World Champion Palmer In Rare Double Bid In Dunlop British Open At Nottingham
13 Sep 2006
Australia's David Palmer arrives in Nottingham this week for the Dunlop British Open with a double in his sights.
The 30-year-old from Lithgow in New South Wales won the World Open crown earlier this month, and now aims to be the first man since 1996 to also win the British Open title in the same year. Palmer would be only the fourth player in squash history to achieve this, after compatriot Geoff Hunt and legendary Pakistanis Jahangir Khan and Jansher Khan.
Staged at the University of Nottingham for the first time, the historic British Open - with roots back to the early 1920s and including world-class men's, women's and masters events - gets underway on Friday, leading to finals next Monday. The prestigious event will feature the first all-glass court ever to be seen at the University.
Palmer, a three-times winner of the British Open crown (in 2001, 2003 and 2004 - the second two also in Nottingham), survived the most dramatic final in the history of the World Open, coming back from two games down, and saving five match balls, to beat young Frenchman Gregory Gaultier in one of the longest finals on record.
"I always seem to struggle in finals, and didn't play that well in the final - but thought I played exceptionally well in my earlier matches against Anthony Ricketts and Thierry Lincou," explained the two-times world champion on the eve of the British Open.
"I feel I played well on the big points. I wasn't going to hand it over - it's not over till the last point's won! It's not about playing good squash, but winning the points - and I guess that's what champions are made of.
"I'm very proud of my performance, considering that I took three months off, and only had 10 days working with my coach Shaun Moxham. Normally it takes a few tournaments to work your way back into it," explained the world number two, the second seed in Nottingham.
Palmer enjoyed a life-changing experience in June with the birth of his first child, daughter Kayla, at home in Australia.
"She's had a huge impact on my life - for the past ten years squash has been my whole life. People say I'm more relaxed, and perhaps I am," suggested Palmer.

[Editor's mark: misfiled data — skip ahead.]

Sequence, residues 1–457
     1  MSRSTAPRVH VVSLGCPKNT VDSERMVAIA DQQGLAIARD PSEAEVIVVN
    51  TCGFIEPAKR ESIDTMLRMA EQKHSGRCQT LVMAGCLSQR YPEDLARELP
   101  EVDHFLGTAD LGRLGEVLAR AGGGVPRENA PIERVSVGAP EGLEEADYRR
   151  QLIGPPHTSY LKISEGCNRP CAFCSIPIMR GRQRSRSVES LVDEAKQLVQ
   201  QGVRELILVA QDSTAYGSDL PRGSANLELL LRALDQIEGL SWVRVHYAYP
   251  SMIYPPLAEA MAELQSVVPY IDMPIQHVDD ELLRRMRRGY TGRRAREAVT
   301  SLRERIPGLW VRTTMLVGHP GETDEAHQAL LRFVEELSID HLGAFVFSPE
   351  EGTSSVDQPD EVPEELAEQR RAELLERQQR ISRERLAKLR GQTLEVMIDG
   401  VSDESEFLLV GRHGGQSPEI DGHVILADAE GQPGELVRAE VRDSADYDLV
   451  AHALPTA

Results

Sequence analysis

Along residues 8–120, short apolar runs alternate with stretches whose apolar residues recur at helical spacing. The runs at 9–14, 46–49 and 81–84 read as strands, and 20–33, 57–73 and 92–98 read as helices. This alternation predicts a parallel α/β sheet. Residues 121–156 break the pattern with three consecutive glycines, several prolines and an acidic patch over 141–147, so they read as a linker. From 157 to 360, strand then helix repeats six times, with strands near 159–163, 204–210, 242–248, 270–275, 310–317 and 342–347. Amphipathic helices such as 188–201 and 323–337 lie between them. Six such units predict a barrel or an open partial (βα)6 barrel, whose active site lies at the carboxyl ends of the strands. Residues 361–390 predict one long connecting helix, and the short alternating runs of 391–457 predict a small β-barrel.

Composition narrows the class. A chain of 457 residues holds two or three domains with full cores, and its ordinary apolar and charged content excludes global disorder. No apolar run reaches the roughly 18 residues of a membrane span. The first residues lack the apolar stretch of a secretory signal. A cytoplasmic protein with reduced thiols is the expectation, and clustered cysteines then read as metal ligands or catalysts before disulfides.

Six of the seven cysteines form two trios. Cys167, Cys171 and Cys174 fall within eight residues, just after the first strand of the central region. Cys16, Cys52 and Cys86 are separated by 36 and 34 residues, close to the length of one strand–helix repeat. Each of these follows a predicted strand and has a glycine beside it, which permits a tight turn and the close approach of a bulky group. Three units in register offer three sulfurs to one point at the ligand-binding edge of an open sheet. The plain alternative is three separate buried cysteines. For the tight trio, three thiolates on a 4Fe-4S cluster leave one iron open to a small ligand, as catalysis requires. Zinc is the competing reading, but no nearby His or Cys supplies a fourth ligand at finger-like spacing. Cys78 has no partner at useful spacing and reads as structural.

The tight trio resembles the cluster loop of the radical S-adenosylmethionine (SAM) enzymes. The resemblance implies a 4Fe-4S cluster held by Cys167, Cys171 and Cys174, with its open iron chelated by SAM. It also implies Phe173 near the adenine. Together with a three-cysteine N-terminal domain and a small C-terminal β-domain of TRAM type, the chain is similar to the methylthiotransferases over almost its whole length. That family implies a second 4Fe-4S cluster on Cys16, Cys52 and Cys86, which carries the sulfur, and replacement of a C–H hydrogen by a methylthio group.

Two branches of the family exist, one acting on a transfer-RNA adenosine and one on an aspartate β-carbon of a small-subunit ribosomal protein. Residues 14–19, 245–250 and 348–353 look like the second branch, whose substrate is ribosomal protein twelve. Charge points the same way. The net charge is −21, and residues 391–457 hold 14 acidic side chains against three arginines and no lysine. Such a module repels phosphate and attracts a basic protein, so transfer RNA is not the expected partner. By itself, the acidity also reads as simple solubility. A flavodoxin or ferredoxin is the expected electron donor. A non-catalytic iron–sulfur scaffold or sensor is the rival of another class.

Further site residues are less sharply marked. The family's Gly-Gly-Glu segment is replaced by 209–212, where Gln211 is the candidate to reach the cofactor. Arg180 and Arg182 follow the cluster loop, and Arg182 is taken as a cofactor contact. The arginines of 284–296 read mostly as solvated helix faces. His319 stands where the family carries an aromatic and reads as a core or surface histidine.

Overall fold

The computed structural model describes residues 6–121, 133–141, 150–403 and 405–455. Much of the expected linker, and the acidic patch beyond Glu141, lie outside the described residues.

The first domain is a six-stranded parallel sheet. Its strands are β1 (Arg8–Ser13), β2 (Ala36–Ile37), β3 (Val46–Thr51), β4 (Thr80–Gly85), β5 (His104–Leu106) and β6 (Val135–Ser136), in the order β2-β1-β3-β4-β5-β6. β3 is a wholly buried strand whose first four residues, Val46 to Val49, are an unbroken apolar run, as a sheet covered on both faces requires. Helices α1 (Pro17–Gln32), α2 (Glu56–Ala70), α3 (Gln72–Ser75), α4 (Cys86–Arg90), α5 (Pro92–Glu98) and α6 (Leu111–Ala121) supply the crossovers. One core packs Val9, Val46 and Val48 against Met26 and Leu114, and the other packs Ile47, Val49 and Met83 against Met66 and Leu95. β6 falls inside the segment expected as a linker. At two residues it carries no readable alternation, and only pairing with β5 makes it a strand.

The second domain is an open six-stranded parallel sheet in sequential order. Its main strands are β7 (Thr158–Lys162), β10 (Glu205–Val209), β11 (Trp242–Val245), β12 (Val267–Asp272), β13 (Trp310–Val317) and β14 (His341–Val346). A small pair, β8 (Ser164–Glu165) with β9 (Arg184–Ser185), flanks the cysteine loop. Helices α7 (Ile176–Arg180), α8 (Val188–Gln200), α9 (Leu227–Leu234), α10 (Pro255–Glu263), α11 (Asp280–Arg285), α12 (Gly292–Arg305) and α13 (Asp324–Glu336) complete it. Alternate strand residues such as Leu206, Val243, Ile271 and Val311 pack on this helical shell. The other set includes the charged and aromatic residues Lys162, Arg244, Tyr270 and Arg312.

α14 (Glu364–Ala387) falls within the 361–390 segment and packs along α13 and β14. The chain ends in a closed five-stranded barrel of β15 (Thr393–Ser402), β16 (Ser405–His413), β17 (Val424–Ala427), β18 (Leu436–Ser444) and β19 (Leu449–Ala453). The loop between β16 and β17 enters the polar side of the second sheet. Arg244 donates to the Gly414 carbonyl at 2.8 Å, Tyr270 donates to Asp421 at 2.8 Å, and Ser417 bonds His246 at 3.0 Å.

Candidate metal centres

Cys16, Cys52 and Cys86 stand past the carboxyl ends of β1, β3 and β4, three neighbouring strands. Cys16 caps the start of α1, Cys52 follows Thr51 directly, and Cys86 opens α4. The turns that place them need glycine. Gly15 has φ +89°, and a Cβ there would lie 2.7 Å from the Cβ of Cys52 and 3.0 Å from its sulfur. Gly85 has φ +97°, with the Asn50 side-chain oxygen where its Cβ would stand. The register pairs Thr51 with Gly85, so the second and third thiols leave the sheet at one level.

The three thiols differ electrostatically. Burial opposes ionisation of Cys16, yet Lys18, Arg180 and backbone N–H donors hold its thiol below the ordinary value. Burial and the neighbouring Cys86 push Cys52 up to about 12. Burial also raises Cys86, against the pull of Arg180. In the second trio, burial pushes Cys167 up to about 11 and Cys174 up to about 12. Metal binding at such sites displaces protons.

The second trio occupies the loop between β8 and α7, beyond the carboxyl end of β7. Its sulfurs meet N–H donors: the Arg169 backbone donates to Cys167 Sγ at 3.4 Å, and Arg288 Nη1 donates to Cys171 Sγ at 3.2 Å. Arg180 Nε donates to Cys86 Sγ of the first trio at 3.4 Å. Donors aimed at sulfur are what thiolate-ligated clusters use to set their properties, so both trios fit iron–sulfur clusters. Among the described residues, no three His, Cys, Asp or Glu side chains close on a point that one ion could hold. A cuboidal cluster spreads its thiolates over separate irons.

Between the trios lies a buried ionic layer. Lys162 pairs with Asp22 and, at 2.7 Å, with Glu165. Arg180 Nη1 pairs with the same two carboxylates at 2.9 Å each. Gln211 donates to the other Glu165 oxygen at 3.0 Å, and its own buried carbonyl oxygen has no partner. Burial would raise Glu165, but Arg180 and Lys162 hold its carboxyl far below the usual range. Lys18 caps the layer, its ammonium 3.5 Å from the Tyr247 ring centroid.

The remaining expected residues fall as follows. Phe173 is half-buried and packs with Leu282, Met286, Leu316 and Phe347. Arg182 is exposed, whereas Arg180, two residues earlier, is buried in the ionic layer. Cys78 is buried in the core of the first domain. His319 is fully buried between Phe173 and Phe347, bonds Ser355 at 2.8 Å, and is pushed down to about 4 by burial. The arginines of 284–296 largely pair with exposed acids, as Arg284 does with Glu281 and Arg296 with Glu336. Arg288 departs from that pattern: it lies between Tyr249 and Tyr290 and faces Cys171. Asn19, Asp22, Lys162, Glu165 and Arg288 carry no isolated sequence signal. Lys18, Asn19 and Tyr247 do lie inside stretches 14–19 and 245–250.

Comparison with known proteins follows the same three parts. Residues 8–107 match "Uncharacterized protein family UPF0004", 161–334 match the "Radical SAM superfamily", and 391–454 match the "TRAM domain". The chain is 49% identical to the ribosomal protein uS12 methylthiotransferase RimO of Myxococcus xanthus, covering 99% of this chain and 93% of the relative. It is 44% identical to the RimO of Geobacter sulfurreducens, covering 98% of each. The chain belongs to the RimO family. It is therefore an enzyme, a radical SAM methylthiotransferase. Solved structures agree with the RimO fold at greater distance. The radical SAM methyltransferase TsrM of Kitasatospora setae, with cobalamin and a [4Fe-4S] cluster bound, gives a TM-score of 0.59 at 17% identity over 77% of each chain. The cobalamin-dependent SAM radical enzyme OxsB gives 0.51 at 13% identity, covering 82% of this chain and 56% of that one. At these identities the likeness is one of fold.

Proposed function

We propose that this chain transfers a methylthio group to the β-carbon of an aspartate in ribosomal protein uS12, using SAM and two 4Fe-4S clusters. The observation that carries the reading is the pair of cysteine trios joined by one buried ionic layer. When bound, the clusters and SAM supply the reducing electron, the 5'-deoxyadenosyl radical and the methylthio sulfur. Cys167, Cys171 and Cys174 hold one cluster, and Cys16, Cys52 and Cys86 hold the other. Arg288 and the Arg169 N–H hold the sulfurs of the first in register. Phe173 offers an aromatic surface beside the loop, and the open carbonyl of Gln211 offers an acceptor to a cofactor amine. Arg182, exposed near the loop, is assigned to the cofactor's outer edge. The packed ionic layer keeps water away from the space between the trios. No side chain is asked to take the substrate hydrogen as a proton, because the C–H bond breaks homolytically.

While many of his fellow players were probably admiring the Pyramids during the World Open in Giza, Palmer could be found staring at the computer screen in his room, hooked up to a webcam focussed on his baby daughter on the other side of the world.
"I hate being away from her - but today's technology helps. I can see her every day, wherever I am, just by switching on my laptop and looking at her on the webcam. It really relaxes me and takes the pressure off," explained the squash star.
Palmer's wife Mel and Kayla will be in Nottingham during the British Open: "Having Kayla with me will be a huge advantage - it'll be the first time she's been to an event. Being able to go back and relax with her after my matches will be fantastic."
Palmer begins his bid to win a third British Open title in the East Midlands city with a first round match against England's 19-year-old Chris Simpson, the British Junior champion from Guernsey who has been given a wild card into the event.
"I guess I should consider myself lucky, facing the wildcard player in the first round. It'll be a big match for him, no doubt - but I won't underestimate him," said the Australian who celebrated his 40th PSA Tour final appearance in Egypt.
"I've got a few days to freshen up before the British Open, and I'm really looking forward to going for the double - which hasn't been done since the Jansher/Jahangir days. It would definitely be good to get close to the Khans!
"I feel confident - and winning the Worlds takes the pressure off me - I've got nothing to lose. If I won a fourth title, it would really put me amongst an elite group of former champions - and that would be excellent.
"I've won it a few times before - but most of the other guys haven't. I just hope I can reproduce the form I had in Egypt," concluded Palmer.